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Celebrities in Chinatown

When my Chinatown guide and I were on Grant Avenue, on our way to interview a business, we saw a guy excitedly hoping on the street. I recognized the tattoo on his neck. He is Mc Jin, an Asian American rapper.

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“Is that Lap-Chang (name of the character he played in a Hong Kong drama)?” I asked my guide in Cantonese.

“I don’t know.” She replied in Cantonese.

Mc Jin heard that I said his nickname, so he stretched his hand out for a hand shake when he walked past us.

I was so nervous that I held his hand firmly with both of my hands, and didn’t let go of his hand. I held his hand for more than 10 seconds, asking him for a group picture and ignoring what he replied.

Then I realized a cameraman was right next to him filming us. I was sure that I made a fool out of myself, and hoped that I won’t be on the video. I let go of his hand, took few pictures of him, and moved on to my interview.

However, few steps away, there was a guy with a shirt you couldn’t miss standing at the corner. That guy was the Linsanity-Jeremy Lin.

“Is that J-Lin?” I asked my guide again, in Cantonese.

“What Lin?” she confused and replied in Cantonese.

As Lin heard his own name from us, he tried to turn around and avoid eye contact.

“It is him, J-Lin.” I said.

He was nice for letting us take a group picture with him as we requested.

I was so excited that I raised my camera without any other thoughts.

“Don’t you want to be in the picture?” Lin said.

“Oh, yes.” I said, and dropped my DSLR camera on my guide, thinking it was my luckiest day ever.

However, my guide didn’t know how to operate a DSLR camera. We tried three times, and it was still unsuccessful to take a picture.

At that moment, they finished the filming and were about to leave, my guide pulled out her IPhone and snapped this picture.

Finally I had a picture with Lin, Mc Jin, and myself in it. Not bad, but it could be a much better picture if my guide had known how to operate a DSLR camera.

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Look at his shirt.

To set the boundary of San Francisco Chinatown, “traditionally,” Police Officer Mike Amoroso says, “it is from Columbus Avenue to Stockton Street and from Green Street to Bush Street.”

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Officer Amoroso has been in the police force for 15 years, and has been stationed at Central Police Station located at 766 Vallejo Street for three years. When he is asked about difficulties from patrolling the area, such as linguistic or cultural differences, he says there is always a language barrier, but it is the phenomenon of San Francisco because of the diversity. “I have the same problem when I go to Italy town,” he adds.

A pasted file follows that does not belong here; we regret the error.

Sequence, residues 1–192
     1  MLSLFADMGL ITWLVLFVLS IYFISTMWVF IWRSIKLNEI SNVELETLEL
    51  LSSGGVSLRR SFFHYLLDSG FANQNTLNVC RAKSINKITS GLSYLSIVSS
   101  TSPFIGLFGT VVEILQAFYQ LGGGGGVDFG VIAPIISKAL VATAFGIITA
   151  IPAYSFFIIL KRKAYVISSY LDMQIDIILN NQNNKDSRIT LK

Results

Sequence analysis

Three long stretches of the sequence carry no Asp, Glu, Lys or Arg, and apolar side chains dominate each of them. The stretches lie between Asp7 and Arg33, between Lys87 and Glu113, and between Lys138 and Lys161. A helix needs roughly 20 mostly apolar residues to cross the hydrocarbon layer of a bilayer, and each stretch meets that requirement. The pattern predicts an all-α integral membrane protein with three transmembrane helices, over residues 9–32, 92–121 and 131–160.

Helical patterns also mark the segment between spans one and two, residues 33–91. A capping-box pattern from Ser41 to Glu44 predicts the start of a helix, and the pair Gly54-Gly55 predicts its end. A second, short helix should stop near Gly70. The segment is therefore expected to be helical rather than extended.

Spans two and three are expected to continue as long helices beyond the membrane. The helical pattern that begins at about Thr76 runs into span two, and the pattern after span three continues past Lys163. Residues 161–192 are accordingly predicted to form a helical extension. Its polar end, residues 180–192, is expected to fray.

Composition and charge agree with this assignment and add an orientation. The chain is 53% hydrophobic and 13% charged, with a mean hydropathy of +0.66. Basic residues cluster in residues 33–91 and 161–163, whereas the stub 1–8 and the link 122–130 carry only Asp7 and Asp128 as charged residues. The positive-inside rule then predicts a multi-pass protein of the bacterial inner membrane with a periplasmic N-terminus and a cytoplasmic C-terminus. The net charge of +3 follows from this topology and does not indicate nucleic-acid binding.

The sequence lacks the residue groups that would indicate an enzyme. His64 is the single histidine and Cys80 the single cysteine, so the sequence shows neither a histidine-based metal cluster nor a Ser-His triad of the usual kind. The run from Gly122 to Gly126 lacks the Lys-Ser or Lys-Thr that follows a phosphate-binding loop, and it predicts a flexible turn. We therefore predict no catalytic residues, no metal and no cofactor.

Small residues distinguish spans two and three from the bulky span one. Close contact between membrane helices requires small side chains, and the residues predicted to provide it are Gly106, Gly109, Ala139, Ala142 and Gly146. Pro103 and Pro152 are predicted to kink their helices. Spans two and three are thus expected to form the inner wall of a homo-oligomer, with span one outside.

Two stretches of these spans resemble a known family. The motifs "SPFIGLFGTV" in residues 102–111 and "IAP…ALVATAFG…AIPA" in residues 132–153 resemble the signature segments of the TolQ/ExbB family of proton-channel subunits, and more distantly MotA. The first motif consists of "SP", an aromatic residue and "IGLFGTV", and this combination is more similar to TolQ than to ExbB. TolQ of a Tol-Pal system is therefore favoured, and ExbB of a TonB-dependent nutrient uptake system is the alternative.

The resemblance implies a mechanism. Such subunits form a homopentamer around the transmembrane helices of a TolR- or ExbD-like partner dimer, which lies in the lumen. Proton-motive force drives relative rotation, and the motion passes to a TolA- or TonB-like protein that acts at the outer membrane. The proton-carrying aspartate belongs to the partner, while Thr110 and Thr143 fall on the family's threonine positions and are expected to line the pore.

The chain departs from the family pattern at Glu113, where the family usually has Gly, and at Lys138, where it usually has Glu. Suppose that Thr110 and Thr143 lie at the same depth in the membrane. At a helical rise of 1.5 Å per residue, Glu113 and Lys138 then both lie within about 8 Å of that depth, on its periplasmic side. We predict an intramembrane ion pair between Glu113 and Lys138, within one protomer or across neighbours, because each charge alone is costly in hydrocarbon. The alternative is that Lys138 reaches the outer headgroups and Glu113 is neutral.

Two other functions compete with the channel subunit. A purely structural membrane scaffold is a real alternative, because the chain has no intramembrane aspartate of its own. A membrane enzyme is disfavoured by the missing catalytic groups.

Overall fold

Chinatown is crowded as it always is. People, including residents, tourists, and workers, are busy as if they are hurried on their way. I try to talk to merchandisers and workers of restaurants, but they will never stop working. After the waitress took my order at a restaurant on Washington Street, she turns around immediately, leaving no chance for me to gossip with her. Choosing oranges from a produce market on Stockton Street, I begin a conversation in Cantonese with one of the workers who stands right next to me, but once his instinct tells him that I have no business with their produces, he quickly turns around and shouts to the street in Cantonese “nice orange.” You could hear his voice from one block away, in the crowded, noisy Chinatown.

On Grant Avenue, there are numerous tourists. Chiu, Wu, and Tam perform music with Chinese classical music instruments at the corner of Grant Avenue and Commercial Street. “We perform here four days a week, three to four hours a day,” Wu says, holding a San-Yun, a guitar-liked music instrument that has three strings, in his hand.

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Holding an Erhu, a music instrument that plays with a bow, similar to the violin, Chiu adds, “There is another group of people would play at this spot on the other three days, we take turn.” None of them are residents of Chinatown, but they say Chinatown is indispensable to their lives in the U.S.

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Aubrey Johnson, moved into the neighborhood two months ago after employed by Facebook, lives in an apartment on Pacific Avenue. He says the neighborhood is nice since he can almost get everything within a walking distance. however, he is moving out next week because he dislikes walking uphill. “I have to walk couple blocks uphill to catch the shuttle. Sometimes, I will take a Uber for only few blocks.” Johnson says.

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There are many constructions going on in Chinatown. One of them is on Stockton Street and between Washington and Clay Street for the Central Subway Chinatown Station.

The other construction site is at 835 Jackson Street, replacing a 88-year-old medical building with a new one that costs more than $100 million.

“They (contractors) demolished an old building of our hospital, and they are building a new one,” Fong Wong, a nursing assistant at Chinese Hospital, says, “I hope the construction could be done as soon as possible. Some of our patients have been complaining about the noise since the construction site is right next to the building where the patients are.”

The other construction is at Portsmouth Square Plaza for a restroom improvement project. Therefore, only temporary portable toilets are available. The sanitation of those toilets is unforgiving. Two tourists open and check every single one of temporary portable toilets.“It is ridiculous”, Justin, one of the tourists, says, and they decide to try their luck somewhere else.